Time code is one of those technical topics that is commonly misunderstood by many production industry professionals. What is it? Why is it important? Where does it come from? What will happen if I don’t have it? We’ll try to answer all those questions for you, and with any luck, help you avoid time code based pitfalls in the future.
Time code is an electronic means of determining an exact location in digital audio and video recording. The current time code standard was developed in the 1960’s by the Society of Motion Picture and Television Engineers (SMPTE), which is how it received its technical name, “SMPTE code”. Time code allows for a common point of digital reference for both audio and video for the purposes of synchronization. It is expressed in four numerical values representing hours, minutes, seconds, and frames.
The primary importance of time code is to provide an efficient means for editors to synchronize audio recorded on an external recording device to the video recorded to a camera. There are of course other methods to accomplish the same synchronization task. One common method would be the use of a “clap” or clapper board (slate). The editor would match up the spiked audio peak produced by the clap from the camera and audio recorder to sync the audio. Unfortunately, modern digital cinema camera systems have mostly done away on-board microphones. Cameras like the ARRI Alexa, RED Epic, and even pro-sumer cameras such as the Sony F3 have no internal microphone to record a reference audio track. When using any of these types of camera systems and there is no possibility of sending audio to the camera due to mobility concerns, physical distance, or the lack of technology to due so, the use of time code is paramount.
Time code is typically the responsibility of the Sound Mixer, or in the case of a music video, Sound Playback. In either case, it’s definitely a Sound Department function, don’t count on Camera Department to make sure it’s implemented properly. A camera assistant will happily wave a time code slate in front of the camera all day long whether it’s displaying the correct time code or not. In the case of syncing recorded audio, a “Time of Day” time code is typically used and is generated from the Sound Mixer’s digital audio recorder, such as the Sound Devices 744T. This time code will be “jammed” (synchronized) to the digital time code slate and usually handed off to camera department for usage throughout the day. When syncing pre-recorded music to video, Time of Day is not used. Instead the time code will reflect the run time of the song. A special version of the audio track is prepared, ideally before the shoot day, which contains the time code embedded with the audio track. While filming, this time code is usually broadcasted wirelessly to the digital time code slate, which is why the numbers start rolling when the music starts.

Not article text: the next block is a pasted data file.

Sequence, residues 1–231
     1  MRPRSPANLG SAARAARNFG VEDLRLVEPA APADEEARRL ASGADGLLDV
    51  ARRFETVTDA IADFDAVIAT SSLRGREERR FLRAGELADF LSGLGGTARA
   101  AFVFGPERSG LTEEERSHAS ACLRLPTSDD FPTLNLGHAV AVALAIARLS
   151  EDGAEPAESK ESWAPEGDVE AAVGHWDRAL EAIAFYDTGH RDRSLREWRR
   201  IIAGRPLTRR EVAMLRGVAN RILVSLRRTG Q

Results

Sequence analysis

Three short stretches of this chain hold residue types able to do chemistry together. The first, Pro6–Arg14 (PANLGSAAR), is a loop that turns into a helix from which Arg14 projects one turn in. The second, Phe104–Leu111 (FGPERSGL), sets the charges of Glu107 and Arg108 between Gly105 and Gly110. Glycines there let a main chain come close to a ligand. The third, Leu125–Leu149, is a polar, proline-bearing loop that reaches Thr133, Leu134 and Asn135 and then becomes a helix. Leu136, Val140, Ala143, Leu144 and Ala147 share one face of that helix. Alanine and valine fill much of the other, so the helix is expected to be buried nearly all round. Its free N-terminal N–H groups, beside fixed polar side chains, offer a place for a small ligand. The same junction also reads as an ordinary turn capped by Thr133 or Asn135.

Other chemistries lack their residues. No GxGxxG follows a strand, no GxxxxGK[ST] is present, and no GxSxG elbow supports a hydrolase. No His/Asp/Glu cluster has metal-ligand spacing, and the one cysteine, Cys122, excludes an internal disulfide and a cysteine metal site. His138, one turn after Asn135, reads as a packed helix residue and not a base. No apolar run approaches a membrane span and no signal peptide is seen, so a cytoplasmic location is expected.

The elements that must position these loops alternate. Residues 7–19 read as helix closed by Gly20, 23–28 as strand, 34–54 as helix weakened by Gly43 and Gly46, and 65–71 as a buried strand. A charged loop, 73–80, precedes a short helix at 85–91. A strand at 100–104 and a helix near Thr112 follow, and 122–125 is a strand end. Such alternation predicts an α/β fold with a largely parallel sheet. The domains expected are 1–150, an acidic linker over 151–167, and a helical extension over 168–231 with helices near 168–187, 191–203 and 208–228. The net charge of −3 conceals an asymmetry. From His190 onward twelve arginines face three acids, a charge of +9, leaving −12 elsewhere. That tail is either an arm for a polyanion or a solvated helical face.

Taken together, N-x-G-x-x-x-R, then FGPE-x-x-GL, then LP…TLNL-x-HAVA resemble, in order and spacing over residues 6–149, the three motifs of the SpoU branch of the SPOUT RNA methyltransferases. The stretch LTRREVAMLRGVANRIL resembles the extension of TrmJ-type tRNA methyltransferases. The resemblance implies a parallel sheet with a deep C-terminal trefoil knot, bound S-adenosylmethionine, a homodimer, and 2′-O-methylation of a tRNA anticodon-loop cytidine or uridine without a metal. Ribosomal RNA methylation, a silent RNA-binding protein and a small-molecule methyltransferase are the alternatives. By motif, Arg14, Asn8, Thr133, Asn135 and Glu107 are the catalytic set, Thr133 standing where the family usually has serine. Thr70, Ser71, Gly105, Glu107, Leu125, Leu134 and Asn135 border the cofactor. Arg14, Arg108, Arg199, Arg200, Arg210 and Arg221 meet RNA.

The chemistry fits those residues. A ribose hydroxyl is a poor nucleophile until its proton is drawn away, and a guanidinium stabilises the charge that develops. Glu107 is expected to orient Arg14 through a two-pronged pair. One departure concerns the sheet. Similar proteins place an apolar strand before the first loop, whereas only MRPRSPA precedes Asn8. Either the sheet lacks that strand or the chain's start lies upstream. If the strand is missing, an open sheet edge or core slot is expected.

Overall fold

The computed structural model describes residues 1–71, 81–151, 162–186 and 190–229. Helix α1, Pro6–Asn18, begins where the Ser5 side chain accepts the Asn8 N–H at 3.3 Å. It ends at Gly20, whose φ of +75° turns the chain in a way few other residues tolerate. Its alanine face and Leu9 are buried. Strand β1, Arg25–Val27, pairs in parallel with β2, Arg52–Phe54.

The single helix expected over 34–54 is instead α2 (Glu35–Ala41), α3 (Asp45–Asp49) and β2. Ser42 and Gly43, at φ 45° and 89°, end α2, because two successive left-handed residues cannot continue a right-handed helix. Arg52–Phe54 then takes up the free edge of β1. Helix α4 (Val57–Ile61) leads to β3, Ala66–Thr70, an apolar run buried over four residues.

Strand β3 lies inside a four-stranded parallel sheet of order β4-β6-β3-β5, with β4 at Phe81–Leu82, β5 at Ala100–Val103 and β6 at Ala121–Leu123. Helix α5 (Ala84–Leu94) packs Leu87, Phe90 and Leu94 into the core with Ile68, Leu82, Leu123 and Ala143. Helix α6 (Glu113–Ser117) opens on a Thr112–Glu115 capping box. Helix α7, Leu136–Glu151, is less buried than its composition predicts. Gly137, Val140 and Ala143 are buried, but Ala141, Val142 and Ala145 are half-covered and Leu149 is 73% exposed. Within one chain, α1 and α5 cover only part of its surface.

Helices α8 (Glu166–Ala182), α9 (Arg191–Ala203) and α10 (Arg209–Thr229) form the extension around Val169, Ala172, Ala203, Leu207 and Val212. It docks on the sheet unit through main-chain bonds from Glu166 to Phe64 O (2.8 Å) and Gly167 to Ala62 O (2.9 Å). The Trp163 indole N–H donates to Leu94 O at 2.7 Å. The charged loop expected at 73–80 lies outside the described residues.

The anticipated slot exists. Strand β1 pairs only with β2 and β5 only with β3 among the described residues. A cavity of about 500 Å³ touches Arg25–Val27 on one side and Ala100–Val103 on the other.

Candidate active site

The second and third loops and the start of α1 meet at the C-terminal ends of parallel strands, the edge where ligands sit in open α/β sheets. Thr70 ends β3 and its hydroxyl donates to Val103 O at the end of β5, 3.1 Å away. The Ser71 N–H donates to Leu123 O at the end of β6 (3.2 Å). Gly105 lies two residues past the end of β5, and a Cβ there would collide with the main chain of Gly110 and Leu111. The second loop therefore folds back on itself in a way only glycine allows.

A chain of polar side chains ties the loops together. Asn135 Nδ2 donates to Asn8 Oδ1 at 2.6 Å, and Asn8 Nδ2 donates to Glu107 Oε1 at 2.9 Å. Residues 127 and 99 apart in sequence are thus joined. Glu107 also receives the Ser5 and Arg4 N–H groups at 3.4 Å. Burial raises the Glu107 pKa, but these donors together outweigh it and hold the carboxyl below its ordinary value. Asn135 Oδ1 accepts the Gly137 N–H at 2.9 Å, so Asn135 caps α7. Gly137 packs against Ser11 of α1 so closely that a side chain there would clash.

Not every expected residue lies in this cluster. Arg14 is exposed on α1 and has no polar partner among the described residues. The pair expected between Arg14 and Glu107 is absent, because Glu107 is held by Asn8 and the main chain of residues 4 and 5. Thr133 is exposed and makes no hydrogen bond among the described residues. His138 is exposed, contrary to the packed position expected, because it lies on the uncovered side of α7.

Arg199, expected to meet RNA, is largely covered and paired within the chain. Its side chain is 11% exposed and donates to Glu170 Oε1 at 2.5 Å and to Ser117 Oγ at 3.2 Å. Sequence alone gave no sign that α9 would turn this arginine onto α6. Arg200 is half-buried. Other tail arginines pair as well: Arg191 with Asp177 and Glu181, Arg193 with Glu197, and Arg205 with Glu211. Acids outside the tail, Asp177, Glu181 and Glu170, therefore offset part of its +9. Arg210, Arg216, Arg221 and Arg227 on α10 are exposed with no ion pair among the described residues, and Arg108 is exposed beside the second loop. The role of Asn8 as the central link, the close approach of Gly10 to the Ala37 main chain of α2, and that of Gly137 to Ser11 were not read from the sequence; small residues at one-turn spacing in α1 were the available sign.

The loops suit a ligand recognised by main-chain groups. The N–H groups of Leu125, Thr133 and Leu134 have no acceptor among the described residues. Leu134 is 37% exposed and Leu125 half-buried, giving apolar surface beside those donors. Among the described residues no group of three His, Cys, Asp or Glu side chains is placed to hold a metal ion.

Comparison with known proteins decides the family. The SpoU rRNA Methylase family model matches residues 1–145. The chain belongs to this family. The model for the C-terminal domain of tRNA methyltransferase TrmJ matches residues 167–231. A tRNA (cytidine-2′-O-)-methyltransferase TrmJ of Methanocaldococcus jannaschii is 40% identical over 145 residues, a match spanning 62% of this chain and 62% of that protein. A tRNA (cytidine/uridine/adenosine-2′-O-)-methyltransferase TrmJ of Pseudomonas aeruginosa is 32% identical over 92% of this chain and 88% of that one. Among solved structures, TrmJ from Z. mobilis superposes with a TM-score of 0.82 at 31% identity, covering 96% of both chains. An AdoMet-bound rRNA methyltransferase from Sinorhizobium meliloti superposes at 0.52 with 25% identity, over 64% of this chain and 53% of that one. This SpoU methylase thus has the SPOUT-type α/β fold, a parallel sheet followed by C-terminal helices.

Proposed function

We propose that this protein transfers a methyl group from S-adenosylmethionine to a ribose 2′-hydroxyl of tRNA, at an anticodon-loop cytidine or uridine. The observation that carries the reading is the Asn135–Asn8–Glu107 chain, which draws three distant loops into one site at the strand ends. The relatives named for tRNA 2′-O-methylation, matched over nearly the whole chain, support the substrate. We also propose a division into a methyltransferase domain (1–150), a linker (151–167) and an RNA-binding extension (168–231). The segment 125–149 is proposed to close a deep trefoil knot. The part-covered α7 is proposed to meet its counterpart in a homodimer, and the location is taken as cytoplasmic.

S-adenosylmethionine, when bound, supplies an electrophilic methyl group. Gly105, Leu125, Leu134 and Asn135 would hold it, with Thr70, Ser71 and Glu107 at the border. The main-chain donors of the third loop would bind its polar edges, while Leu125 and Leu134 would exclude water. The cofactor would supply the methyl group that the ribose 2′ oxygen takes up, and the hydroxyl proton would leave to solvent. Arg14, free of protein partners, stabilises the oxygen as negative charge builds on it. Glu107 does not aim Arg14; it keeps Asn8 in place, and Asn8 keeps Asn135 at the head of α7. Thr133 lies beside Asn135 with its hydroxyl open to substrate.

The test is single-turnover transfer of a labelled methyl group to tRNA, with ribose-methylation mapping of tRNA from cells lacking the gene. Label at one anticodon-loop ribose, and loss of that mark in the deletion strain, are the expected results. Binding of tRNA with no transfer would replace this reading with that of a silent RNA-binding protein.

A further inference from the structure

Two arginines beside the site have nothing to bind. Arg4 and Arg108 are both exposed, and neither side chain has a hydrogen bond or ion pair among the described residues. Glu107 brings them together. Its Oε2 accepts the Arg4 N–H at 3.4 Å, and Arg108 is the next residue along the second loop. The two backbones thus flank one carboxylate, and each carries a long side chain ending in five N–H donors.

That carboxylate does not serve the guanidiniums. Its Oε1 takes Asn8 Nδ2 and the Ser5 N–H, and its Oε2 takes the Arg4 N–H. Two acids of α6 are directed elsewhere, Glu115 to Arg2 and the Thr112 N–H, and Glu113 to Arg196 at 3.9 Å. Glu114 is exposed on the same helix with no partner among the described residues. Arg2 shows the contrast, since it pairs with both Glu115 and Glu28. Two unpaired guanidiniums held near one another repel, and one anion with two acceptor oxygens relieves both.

Ensuring the time code is implemented properly for your shoot is very important. Improper time code usage such as the camera being set to a different frame rate than the audio recorder is just as bad as not using time code at all. Inaccurate time code is useless to an editor and will be ignored as if it didn’t exist. This will end in grumblings from your editor, potential delays in receiving your final edit, and an inflated post-production invoice due to the additional time taken to sync audio.
From a Producers perspective, this means the proper specification of the frame rate you are shooting must be distributed uniformly to the Camera Department, Sound Department, and the Post Facility. Be mindful of the documentation you send out to these departments, especially when using a template of specifications from another shoot. Its all too easy to specify 23.98 fps to the camera department for the camera checkout, then have 29.976 fps specified in an email with the audio track for your Sound Playback Technician.